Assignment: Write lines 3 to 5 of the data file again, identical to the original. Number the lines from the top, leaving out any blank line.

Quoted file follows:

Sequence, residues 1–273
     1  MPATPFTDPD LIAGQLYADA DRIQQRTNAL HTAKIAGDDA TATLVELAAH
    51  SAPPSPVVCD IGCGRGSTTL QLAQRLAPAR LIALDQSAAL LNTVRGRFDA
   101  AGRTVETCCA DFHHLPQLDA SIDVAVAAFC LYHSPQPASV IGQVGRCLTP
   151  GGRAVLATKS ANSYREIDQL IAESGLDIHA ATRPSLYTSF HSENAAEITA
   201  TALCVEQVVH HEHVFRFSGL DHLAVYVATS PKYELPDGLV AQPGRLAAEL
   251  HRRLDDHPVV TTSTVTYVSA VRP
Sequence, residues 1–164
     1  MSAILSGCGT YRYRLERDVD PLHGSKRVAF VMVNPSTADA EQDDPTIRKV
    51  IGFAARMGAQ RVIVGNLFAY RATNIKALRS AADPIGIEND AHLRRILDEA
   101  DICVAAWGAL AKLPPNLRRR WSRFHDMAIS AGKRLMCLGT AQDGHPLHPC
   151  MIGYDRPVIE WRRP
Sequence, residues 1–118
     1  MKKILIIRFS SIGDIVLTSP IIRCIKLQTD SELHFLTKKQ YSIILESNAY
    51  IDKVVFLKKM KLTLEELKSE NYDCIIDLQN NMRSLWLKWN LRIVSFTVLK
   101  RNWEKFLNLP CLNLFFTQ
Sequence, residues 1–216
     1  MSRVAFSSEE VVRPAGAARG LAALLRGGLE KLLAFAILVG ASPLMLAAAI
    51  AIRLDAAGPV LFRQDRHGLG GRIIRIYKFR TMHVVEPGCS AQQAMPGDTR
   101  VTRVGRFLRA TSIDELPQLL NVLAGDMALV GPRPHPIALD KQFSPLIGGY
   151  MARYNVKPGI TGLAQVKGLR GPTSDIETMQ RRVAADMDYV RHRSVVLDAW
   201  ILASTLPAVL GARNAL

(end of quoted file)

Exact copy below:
    51  SAPPSPVVCD IGCGRGSTTL QLAQRLAPAR LIALDQSAAL LNTVRGRFDA
   101  AGRTVETCCA DFHHLPQLDA SIDVAVAAFC LYHSPQPASV IGQVGRCLTP
   151  GGRAVLATKS ANSYREIDQL IAESGLDIHA ATRPSLYTSF HSENAAEITA